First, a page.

Ulderico Bernardi, a sociologist and native of the Veneto: “The people at Benetton had to have been really drunk when they hired him. And” — he adds — “he also has gotten wrong the historical analysis. The stereotype of the drunken Veneto is not, in fact, ancient, seeing that Veneti and Venetians were considered the English of the Mediterranean, and that this people succeeded with a constant and intelligent effort to overturn the dramatic economic situation of a region that was among the poorest in Italy.”
A Veneto businessman named Remo Mosole from Breda Di Piave (Treviso) wrote to Toscani personally. “In my long working life, from the immediate post-war period to today, I have seen the Veneto rise from the blackest poverty to become one of the primary regions of Italy…Your affirmations have profoundly offended generations of Veneti… who worked humbly and firmly for their economic and social emancipation. Someone born in the Veneto today is not unfortunate, as you say, destined to the life of an alcoholic, but enjoys a level of well-being and health among the highest in the world.”
Beniamino Boscolo, Chioggia: “I think that an offense describes the person who makes it, and not the people it’s aimed at. Cin cin — to your health!”
Lino Narciso Giacomin: “‘Toscani: Veneti, a people of alcoholics.’ It’s as if one said: ‘Photographers, a people of mone.’ No! Only a few!”
Giovanni Gastaldi, Preganziol: “Everything has been said. I will add one pleasing and useful fact: In Italy, the Veneto Region, as of December 31, 2013, counts more than 134,000 active blood donors, with more than 127,000 donations. The Veneto is the third Region in Italy (behind Lombardia and Emilia-Romagna) for blood donations. Not so bad, considering the comments by the photographer. Good wine, good blood!”
Are we waiting to hear a resounding “Egad! What was I thinking? A thousand million apologies, it’s all a horrible misunderstanding and I should never have said any of those things!”?
Following is the photoshopped apology more or less extorted from Toscani:
“These can’t be the problems of you Veneti,” he started out. “I sincerely never thought that something said in an ironic and irreverent place like ‘La Zanzara’ could have this effect.” Seriously? He goes on:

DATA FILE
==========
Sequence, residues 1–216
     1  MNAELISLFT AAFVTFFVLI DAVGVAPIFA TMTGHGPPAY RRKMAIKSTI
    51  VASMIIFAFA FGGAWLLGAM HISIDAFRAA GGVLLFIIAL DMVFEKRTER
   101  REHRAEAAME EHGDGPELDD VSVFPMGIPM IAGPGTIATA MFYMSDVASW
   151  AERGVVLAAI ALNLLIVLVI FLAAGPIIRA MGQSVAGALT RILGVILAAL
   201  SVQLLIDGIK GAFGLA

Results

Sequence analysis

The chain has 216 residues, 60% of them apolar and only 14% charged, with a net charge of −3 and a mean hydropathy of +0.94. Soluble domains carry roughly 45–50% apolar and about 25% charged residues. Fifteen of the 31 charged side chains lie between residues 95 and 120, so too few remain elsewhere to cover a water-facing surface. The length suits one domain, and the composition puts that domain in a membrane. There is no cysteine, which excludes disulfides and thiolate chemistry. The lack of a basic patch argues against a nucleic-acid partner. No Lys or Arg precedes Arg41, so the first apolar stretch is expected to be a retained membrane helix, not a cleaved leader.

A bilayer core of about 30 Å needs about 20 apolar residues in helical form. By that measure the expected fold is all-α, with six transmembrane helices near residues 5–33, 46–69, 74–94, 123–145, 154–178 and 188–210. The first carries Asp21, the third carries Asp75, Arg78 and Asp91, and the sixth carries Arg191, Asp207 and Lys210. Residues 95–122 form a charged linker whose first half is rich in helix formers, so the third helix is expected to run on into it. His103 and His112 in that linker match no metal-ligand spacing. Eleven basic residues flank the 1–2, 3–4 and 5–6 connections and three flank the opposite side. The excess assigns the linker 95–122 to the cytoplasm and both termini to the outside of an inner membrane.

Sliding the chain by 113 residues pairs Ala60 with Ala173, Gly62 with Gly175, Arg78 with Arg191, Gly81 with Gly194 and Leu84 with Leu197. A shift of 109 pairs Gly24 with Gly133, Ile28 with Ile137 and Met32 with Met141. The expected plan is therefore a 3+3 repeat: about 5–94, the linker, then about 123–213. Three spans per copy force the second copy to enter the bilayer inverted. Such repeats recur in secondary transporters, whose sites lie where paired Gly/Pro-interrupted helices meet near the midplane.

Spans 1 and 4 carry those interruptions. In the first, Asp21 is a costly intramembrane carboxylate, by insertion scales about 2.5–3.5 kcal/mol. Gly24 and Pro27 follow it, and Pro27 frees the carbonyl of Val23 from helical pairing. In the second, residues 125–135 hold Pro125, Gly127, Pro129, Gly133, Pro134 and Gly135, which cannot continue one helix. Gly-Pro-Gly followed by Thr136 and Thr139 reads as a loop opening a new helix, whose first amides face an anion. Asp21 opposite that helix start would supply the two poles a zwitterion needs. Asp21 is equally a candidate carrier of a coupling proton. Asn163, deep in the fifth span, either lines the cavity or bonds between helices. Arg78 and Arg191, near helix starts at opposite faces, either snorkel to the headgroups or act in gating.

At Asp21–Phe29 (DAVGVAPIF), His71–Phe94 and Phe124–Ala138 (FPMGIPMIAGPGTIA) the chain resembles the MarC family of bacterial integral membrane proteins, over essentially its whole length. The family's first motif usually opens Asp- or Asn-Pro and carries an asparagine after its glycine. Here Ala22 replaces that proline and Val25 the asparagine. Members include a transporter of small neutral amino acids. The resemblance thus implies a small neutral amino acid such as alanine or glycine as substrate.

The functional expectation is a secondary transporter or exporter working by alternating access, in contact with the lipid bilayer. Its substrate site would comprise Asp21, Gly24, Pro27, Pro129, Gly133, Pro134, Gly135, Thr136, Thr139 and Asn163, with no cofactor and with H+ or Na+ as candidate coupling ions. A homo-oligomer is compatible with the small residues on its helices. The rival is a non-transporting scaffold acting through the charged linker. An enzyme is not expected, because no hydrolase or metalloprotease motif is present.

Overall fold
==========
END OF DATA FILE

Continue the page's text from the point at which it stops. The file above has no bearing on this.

“But by now that’s the way it is in Italy,” he said. “One gives greater weight to silly trifles than to serious things…. I was making a kind of photograph of the dialects of various parts of Italy. And among the tens of dialects, there was the Veneto. Listen, it’s not such a big thing to say that the Veneto, in his atavistic DNA, has a drawling way of talking, as in pain, like alcoholics. It’s that way!'”
That’s enough, you can stop now. No, he can’t: “But really, do you want to deny that this connection exists? Do you want me to pull out the statistics of the early 19th century when the Veneti drank even from early childhood? And let’s not forget that I said all this in a purely ironic context, on ‘La Zanzara.’ If I’d said that the Veneti are all sober, and don’t touch wine, I have the impression that I’d have made even more people mad. I ask to be excused by those who didn’t understand the ironic intention. I’ve received messages from many angry people, but also from some who have complimented me because, in the irony, there’s a little truth. And you know what I say? I’m going to ask to be excused by writing a book with all the insults I’ve received from Veneti, with their first and last names.”
“It wasn’t my intention to denigrate the Veneto. Perish the thought! It was irony even if, to say the truth, grappa, Prosecco, Amarone, Valpolicella, they’re all your wines, known in all the world. So let’s just close the subject with ‘But what the hell is he saying, that mona Toscani,’ and have a good laugh.”